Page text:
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Home > iSGTW 20 August 2008 > iSGTW Feature - People behind the LHC grid: Jamie Shiers

Feature - People behind the LHC grid: Jamie Shiers

Some of the different projects involved, from across the globe.

Image courtesy of Jamie Shiers

Jamie Shiers is part of grid support for the Large Hadron Collider, and has been working on the LHC for 16 of his 25 years at CERN. Dressed in sneakers and jeans, and looking tan after a recent grid conference in Brazil, he talked with iSGTW at CERN’s Restaurant 1.

iSGTW: What first got you interested in physics?

JS: It could be something in the genes, I suppose. I and two of my three brothers  became physicists—and we’ve all passed through CERN. 

For me, what helped to get me hooked was a book about physics, called “Mister Tompkins in Wonderland,” that I read at age 14 or 15, by George Gamow—a Russian physicist who worked with Niels Bohr. He wrote about a world in which light was slowed down enough that you could see the effects of relativity. It was a great book that turned me on to physics . . . that, and the old cult, UK sci-fi “Dr Who” television series.

iSGTW: Do you remember when you first started on the LHC?

JS: I can look at my calendar and find the exact week. It was in September 1992, at the same conference in which we discussed the uses of the World Wide Web, applications, and object oriented computing. So, it was from very early days.

iSGTW: How did you first get into computing?

JS: It sort of just happened. I was an experimental physics PhD student here at CERN, from Britain, when I realized “Right, I am in computing.”

iSGTW: How does the grid look now, so far as the startup goes?

JS: In May, we met or exceeded all of the metrics in our last Common Computing Readiness Challenge, even though I have to say that not all functionality was fully tested and the overlap from the experiments was somewhat limited.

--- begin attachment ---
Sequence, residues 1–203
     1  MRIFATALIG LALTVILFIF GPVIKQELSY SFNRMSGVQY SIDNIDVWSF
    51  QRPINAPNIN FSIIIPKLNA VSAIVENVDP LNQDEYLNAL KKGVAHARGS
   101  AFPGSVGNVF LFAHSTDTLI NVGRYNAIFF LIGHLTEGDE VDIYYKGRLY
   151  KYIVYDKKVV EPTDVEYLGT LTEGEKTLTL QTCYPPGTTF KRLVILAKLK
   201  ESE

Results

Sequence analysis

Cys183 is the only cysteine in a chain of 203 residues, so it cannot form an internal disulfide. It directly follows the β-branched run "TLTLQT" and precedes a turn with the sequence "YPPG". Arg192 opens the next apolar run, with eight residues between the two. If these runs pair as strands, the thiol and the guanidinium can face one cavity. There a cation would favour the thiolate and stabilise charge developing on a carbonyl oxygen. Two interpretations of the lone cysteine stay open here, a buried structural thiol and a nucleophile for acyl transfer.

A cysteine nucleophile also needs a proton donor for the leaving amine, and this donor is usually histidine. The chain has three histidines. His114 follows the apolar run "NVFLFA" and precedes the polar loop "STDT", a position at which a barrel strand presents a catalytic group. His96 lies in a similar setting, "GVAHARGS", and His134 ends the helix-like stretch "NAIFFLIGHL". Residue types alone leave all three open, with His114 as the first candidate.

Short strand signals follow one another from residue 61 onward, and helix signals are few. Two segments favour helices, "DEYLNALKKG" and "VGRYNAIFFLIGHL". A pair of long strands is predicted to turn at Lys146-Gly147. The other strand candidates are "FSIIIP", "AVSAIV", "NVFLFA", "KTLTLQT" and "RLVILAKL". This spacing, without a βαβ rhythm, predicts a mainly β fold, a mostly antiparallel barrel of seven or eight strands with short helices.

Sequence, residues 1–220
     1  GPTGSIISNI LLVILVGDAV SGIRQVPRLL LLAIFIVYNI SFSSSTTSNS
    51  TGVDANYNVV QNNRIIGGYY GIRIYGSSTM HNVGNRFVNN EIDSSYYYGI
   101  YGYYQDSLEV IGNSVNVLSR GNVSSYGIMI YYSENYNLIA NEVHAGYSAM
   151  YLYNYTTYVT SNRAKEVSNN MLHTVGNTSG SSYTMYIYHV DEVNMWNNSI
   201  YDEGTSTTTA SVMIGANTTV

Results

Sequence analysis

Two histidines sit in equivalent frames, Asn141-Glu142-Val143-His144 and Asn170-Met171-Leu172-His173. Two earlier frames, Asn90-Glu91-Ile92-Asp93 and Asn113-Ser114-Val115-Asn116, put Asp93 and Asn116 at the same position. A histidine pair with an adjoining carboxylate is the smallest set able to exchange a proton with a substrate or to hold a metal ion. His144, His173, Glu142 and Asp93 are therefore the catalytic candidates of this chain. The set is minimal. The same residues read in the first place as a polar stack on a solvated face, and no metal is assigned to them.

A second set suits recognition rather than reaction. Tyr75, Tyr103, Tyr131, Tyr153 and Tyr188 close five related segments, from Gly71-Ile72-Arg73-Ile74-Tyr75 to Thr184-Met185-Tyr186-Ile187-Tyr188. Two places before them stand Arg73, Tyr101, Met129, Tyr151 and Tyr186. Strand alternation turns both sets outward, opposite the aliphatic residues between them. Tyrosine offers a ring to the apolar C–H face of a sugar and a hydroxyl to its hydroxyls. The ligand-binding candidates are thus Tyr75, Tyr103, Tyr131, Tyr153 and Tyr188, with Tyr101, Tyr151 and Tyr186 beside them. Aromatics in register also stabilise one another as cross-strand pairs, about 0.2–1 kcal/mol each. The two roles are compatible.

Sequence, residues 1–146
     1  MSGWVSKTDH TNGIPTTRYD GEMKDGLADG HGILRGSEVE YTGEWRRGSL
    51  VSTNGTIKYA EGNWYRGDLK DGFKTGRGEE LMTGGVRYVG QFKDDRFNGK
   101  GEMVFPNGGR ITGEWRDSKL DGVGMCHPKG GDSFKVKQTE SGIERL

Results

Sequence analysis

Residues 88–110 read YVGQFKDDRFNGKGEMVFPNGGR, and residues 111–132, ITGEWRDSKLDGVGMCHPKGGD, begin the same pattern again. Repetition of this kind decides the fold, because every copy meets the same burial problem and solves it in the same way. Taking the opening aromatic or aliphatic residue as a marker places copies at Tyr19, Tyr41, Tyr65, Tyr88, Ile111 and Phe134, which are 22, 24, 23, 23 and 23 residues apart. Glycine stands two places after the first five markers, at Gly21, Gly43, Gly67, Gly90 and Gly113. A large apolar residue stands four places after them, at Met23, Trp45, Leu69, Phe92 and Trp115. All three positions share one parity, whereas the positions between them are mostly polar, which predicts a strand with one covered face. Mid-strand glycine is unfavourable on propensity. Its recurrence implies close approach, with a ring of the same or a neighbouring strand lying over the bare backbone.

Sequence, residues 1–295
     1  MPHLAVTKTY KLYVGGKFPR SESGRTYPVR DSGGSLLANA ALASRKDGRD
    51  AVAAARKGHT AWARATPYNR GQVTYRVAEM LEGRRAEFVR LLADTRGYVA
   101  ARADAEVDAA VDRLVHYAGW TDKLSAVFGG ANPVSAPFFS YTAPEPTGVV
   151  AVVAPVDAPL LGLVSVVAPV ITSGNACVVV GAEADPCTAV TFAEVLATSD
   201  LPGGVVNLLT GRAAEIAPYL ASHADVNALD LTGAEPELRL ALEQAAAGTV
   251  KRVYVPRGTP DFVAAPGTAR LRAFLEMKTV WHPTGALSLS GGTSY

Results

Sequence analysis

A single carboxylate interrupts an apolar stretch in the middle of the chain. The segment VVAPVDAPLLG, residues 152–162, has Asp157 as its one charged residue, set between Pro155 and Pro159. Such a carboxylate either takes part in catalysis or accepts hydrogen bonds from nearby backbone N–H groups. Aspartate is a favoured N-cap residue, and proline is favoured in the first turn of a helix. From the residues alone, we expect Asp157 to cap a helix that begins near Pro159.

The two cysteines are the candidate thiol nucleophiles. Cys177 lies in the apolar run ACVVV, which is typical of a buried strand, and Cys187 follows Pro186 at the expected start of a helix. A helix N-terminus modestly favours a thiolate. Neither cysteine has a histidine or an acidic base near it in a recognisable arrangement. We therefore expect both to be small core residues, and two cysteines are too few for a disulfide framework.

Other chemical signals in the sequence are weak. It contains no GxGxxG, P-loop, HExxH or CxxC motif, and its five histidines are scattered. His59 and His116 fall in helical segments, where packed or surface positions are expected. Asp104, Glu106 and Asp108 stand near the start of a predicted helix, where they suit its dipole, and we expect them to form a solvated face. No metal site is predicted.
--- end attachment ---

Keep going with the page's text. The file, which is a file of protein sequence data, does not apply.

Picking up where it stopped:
So I feel confident.

But we know that the coming of the real data will be the real test; there may not be as tight a synchronization as we expect, for example. From my experience with the LEP, I know that there’s always something that you planned for that didn’t work the way you thought, or a solution that comes up that works so much better than what you previously had in mind. 

What works is what flies.

iSGTW: So the Common Computing Readiness Challenge was a help?

JS: Absolutely. From that experience, we know that there will not be any show-stopper. There’s always a way up, over, under, around or through any problem.

Daily CMS transfer rate during Common Computing Readiness Challenge.

Image courtesy of Jamie Shiers  

The big picture

iSGTW: What do you do in the LHCGrid project?

JS: My role is to keep it all running smoothly. It’s easy to see your own little bit of this enormous undertaking, but not the overall picture. You might find a solution here that breaks something over there. You are also dealing with different time zones, different cultures, in institutions with their own priorities.

iSGTW: After 16 years with the LHC, what’s going through your mind?

It’s an exciting time. We don’t know exactly what we will find, but we know that there will be big headlines in physics, and we’ll be sitting in that auditorium upstairs when it’s announced.

iSGTW: What do you see as the value of grids?

JS: At the petascale level of computing, there are very few places with resources on the level of a Los Alamos or a Lawrence Livermore, that can afford their own supercomputers. But with grids, you can get access to big resources, using commodity computers, for a price that is an order of magnitude lower.

And with that infrastructure, you inherently have a more equal collaboration. The Tier-0, Tier-1s, and Tier-2s are all equal in this project, with the small institutions more than pulling their weight. I’m willing to bet that when we do the first pass at the Tier-0, we won’t find anything definitive, not only because there will be little time but also because the calibrations and even algorithms will not be fully tuned. The findings will likely be at the Tier-1s on the re-processed data with refined calibrations and algorithms, and from analyses performed primarily at the Tier-2s.

As I wrote in the paper I just presented in Brazil, (“Grid Today, Clouds on the Horizon”) with grids, you’re actually building something—a long-term and sustainable e-infrastructure for the future, that helps institutes do science and research

And who knows where that might lead.

Lightning may strike twice.

Dan Drollette, iSGTW


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